There were tossed tomatoes aplenty, although the one that smashed me in the shoulder within minutes of the event’s commencement I never saw coming. As I wiped off the runny residue, togas and robes fluttered, dancers dressed as Roman vixens writhed on floating platforms, Black Sabbath’s "War Pig" blasted over loudspeakers, passenger jets roared overhead, and spectators jeered and cheered as leaky boats made of what looked like reeds and junk foundered in shallow water, rammed one another, and fired watermelon cannonballs in every direction.
The spectacle was Duke Riley’s spectacular Those About to Die Salute You, billed as a Naumachia -- a live Roman naval battle; the place, a flooded pool on the World’s Fair grounds in Flushing Meadows Corona Park; the scene, a gigantic blowout/fraternity food fight by way of a Roman toga party, Apocalypse Now, the Crusades, and a Happening. By 9:00 p.m., half an hour after the mayhem began, all that remained were sinking ships, floating spears, hundreds of revelers in the basin, and a burning boat firing off sky rockets.
I had witnessed something special, and also glimpsed one of the ways that artists from everywhere are taking matters into their own hands and righting the ship that is the New York art world. After months of preparation and with scores of participants and unending support from the underdog host institution the Queens Museum (who either got every type of permit in the book or violated every city code imaginable), artist Duke Riley pulled off one of the finest performance events in recent memory, his own demented simulacra of a "Naumachia." What’s a "Naumachia?" In ancient Greek it literally means "naval combat." Leave it to the Roman emperors, however, to have gotten really gory with it. Mock naval battles were held in flooded basins with real prisoners who were condemned to death. Participants saluted the emperor with the famous, "Morituri te salutant" ("those who are about to die salute you"). Then the doomed died.
Last night in Queens, participants merely got messy and wet. The combatants, outfitted in different colored robes, represented different borough museums. Red was the Queens Museum; yellow, the Bronx Museum; blue, the Brooklyn Museum; and green, El Museo del Barrio. My money was on the fierce-looking Queens team from the start. After a reedy-voiced announcer revved up the crowd and the boats all entered the faux lake, the battle began. Immediately, the folks from the Bronx made a noble effort to capsize the Queens fighters. But then Brooklyn snuck up on their flank and did them in. At that point, the mighty Queens ship initiated a daring mid-lake boarding maneuver, jumping aboard the Brooklyn boat, hauling toga-clad soldiers off the decks. Next, the Queens mariners jumped into the water and overturned the vessel. Out of nowhere, after the appearance of sundry pirate dinghies and one zebra-striped kayaker, a large replica of the Staten Island Ferry oared in and somehow fell apart. Soon, a giant galleon, part Disney and part amusement-park ride, entered the moat, representing El Museo del Barrio. I don’t know what happened then, but somehow Queens got the best of everyone. A weird battleship entered, was set on fire, and began exploding, as the thousands in attendance danced, cheered and rocked to Queen’s We Are the Champions.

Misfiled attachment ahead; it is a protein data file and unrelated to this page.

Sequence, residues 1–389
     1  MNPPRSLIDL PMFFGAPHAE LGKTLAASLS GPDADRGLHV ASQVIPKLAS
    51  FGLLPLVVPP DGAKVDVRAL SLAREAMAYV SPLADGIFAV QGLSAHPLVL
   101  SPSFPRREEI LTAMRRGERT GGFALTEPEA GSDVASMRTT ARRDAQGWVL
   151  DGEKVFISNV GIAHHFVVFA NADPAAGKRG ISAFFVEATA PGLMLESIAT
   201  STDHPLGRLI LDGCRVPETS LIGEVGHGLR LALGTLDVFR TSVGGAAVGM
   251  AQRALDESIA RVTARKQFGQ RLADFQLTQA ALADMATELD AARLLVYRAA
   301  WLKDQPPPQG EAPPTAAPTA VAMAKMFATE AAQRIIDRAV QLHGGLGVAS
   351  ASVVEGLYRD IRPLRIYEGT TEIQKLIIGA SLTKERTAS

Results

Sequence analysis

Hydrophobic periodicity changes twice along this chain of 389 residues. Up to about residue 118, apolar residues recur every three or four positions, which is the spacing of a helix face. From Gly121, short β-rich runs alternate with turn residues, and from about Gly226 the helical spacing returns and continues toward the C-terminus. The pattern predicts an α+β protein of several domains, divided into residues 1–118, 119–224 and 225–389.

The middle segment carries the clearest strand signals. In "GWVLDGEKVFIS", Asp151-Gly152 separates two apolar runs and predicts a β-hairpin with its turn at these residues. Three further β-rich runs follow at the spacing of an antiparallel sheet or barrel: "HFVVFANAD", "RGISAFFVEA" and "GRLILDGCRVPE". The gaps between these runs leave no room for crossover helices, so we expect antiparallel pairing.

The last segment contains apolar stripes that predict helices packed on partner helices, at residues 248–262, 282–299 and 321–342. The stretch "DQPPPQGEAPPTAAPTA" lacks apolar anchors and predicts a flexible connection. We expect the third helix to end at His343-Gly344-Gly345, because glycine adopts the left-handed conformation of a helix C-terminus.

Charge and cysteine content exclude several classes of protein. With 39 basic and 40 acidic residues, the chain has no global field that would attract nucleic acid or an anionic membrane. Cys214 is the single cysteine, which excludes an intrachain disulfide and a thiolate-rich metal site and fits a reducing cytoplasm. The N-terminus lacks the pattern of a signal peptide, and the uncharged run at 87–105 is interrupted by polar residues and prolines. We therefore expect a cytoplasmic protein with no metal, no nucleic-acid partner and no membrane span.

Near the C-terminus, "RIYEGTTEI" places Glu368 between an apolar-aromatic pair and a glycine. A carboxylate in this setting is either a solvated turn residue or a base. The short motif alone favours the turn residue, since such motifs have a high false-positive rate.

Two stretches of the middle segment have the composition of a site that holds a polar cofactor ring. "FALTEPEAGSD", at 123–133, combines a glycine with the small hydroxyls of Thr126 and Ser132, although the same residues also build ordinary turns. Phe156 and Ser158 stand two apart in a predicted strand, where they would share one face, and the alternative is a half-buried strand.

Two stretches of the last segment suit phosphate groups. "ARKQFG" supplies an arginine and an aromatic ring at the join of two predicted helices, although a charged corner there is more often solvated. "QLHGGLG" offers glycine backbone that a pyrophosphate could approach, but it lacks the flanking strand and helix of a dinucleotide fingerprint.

Riley’s squirrelly genius, obsession with all things nautical, and personal acts of public piracy are exactly what the art world needs right now. Last night was a perfect example of an artist taking matters into his own hands while an institution gave him more than enough rope to hang himself. Riley has been building up to this triumph for a while. In 2005, as the art world solemnly gathered at a West Side pier to witness a reenactment of Robert Smithson’s famous Floating Island, all of a sudden, "after months of planning, days of reconnaissance, and hours of alcohol consumption," Riley and a cohort clamored aboard the island. Of course, they had to almost immediately scamper off as the U.S. Coast Guard chased them (they were captured). Soon after, Riley attracted the attention of the Coast Guard again when his homemade submarine, straight out of Jules Verne, got too close to the Queen Mary 2 in Brooklyn Harbor.
As I walked with the crowds, under the gigantic utopian globe that dominates Flushing Meadows, I knew that the more wild cards like Riley that get into the mix, the less homogenized the art world will be. And we all know nature hates sameness.
JERRY SALTZ is art critic for New York magazine, where a slightly shorter version of this essay first appeared. He can be reached at firstname.lastname@example.org.